Orthodox America


   The Elevation. of the Life-giving Cross


September 14

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During the first three centuries, Christians were almost continually suffering from persecutions-at first from the unbelieving Jews and then from the heathen. Many Christians became martyrs.  Only in the fourth century did these persecutions come to an end when the Roman Emperor Constantine became a Christian,

On the eve of a tattle against one of his adversaries. Emperor Constantine and all his army saw in heaven a sign of the Cross which was made up of stars with the Latin words "in hoc (signo) vinces" meaning "by this sign you will conquer." Then the Lord Jesus Christ Himself appeared in a dream to Constantine with a sign on which the form of a cross was made, and commanded him to make the same as a standard for his army, promising him victory. Having conquered his enemies, Emperor Constantine became the defender and patron of the Christian religion and the Church.

It was the prayers of his righteous mother Helen which had turned Constantine towards Christianity. At his request St. Helen went to the Holy Land and established many churches there. Her greatest desire was to find the Cross on which our Lord Jesus Christ was crucified. After long searches the place was discovered where the Lord's cross was hidden together with the two crosses on which the two thieves were crucified.  The True, Life-giving Cross was recognized when a dead man was placed on it and was brought to life by a miracle of the Lord. Then the Patriarch of Jerusalem, Macarius stood on an elevated place and raised up the Cross so that the Christians could see it and venerate it. All the faithful fell to the ground before the Cross and with joy called out: "Lord, have mercy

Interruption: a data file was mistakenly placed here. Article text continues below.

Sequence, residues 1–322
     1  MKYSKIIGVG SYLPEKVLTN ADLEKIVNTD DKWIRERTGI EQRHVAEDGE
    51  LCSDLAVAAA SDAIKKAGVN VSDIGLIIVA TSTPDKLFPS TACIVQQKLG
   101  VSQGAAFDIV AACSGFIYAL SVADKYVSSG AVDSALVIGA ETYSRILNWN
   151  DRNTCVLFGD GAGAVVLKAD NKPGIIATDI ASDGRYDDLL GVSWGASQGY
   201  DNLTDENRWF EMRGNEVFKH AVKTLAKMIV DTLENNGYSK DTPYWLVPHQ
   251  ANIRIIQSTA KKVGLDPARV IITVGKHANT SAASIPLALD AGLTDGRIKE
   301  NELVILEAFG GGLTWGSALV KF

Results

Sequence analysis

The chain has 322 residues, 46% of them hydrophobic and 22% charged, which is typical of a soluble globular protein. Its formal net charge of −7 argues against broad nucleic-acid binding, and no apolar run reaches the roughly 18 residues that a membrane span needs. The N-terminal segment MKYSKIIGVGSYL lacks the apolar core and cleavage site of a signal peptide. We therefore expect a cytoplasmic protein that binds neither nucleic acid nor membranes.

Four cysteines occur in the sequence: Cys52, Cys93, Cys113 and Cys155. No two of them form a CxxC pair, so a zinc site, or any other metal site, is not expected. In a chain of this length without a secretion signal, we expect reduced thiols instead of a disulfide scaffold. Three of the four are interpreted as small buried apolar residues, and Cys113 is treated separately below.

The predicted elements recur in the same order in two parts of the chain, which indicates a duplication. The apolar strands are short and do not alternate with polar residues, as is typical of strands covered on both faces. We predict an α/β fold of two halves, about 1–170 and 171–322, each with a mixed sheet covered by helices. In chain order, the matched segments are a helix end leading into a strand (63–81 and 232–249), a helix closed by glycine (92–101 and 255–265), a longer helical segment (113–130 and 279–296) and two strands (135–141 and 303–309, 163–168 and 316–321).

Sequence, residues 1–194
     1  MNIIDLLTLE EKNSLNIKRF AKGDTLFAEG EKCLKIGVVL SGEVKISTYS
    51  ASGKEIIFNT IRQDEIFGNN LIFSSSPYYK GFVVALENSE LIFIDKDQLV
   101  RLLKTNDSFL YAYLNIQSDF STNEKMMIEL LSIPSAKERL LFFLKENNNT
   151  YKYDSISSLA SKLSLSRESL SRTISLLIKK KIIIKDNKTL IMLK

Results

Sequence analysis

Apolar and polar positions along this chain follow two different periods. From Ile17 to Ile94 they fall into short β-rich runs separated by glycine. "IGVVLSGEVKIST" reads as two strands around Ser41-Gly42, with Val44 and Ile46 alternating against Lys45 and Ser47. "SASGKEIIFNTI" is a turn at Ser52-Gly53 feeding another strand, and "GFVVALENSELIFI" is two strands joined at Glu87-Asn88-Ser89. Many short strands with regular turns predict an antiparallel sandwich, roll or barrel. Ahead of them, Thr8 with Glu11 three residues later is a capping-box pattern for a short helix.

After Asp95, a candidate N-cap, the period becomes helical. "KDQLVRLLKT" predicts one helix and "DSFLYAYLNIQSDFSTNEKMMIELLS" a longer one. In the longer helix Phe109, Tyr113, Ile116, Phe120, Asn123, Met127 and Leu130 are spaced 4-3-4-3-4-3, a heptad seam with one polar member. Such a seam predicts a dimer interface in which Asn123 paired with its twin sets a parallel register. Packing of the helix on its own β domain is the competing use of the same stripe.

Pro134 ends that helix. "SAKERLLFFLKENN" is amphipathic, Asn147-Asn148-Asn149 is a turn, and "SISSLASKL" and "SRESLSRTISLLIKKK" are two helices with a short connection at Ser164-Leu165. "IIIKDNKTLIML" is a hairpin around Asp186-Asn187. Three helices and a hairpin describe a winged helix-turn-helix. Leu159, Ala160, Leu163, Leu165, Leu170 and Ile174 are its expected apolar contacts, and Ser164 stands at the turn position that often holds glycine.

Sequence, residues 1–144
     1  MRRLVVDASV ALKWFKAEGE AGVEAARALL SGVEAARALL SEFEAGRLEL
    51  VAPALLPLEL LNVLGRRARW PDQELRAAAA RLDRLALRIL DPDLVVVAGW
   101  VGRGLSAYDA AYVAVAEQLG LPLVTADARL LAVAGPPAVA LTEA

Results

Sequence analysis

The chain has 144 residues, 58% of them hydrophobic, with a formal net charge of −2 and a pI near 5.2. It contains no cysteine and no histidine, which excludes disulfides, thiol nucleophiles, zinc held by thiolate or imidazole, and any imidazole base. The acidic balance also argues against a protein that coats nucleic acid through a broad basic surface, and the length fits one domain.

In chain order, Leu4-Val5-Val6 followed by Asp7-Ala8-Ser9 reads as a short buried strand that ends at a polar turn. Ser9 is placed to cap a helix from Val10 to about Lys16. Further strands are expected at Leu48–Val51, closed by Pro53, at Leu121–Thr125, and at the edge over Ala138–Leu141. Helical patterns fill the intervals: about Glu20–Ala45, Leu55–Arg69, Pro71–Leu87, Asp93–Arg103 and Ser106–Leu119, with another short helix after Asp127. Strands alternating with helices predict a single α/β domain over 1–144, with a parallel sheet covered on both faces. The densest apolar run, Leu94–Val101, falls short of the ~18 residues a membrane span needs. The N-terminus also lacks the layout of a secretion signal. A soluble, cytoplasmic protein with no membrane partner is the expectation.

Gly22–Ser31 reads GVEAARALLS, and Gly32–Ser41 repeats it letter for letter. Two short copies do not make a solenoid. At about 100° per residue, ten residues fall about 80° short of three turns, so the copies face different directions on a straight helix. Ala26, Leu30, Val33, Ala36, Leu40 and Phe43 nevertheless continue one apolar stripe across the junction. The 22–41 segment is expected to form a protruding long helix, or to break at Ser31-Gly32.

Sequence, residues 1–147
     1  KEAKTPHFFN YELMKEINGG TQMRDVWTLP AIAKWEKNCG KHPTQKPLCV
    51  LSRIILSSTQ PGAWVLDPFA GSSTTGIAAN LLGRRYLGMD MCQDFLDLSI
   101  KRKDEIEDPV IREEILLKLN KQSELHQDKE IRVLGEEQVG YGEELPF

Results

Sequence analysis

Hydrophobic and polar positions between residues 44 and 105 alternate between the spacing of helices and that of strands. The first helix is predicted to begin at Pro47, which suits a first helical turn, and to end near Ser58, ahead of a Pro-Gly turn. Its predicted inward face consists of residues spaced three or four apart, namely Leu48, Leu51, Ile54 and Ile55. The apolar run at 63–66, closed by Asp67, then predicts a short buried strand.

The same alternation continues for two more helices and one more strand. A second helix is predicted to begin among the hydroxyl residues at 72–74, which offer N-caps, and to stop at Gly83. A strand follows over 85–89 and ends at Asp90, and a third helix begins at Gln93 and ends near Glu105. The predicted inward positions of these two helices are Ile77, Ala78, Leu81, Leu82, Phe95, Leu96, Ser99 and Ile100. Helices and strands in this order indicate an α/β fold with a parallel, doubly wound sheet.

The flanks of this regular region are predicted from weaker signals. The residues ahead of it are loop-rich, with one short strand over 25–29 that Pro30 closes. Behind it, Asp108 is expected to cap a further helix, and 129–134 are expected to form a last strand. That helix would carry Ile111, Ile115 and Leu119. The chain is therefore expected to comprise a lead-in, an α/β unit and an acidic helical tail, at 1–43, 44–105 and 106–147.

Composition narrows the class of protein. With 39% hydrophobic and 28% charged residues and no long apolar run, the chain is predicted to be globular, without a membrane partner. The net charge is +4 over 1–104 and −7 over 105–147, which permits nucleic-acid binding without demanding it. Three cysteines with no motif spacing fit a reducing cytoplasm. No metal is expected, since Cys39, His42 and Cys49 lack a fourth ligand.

St. Helen had a church built over the Holy Sepulchre to house the relic of the True Cross. This church was dedicated in the year 335. As the Cross was being carried into the church, it was again raised up.. Since that time the Elevation of the Cross of the Lord has been celebrated as one of the twelve Great Feasts of the Church, thereby reminding Christians of the importance of the Cross as the means of our salvation and as a symbol of spiritual victory over sin and death.

In remembrance of the sufferings of our Lord Jesus Christ on the Cross, we keep this day as a strict fast day, even when it falls on a Sunday

(For more on this feast see the St. John the Baptist Web Site)

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